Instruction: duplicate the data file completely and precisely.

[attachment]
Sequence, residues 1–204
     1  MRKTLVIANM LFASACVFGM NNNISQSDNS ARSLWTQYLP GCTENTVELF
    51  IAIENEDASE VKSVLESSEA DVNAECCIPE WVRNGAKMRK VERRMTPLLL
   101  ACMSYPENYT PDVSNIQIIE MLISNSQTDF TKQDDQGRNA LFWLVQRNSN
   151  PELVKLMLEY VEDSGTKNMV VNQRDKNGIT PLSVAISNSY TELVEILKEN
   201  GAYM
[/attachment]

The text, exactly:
Sequence, residues 1–204
     1  MRKTLVIANM LFASACVFGM NNNISQSDNS ARSLWTQYLP GCTENTVELF
    51  IAIENEDASE VKSVLESSEA DVNAECCIPE WVRNGAKMRK VERRMTPLLL
   101  ACMSYPENYT PDVSNIQIIE MLISNSQTDF TKQDDQGRNA LFWLVQRNSN
   151  PELVKLMLEY VEDSGTKNMV VNQRDKNGIT PLSVAISNSY TELVEILKEN
   201  GAYM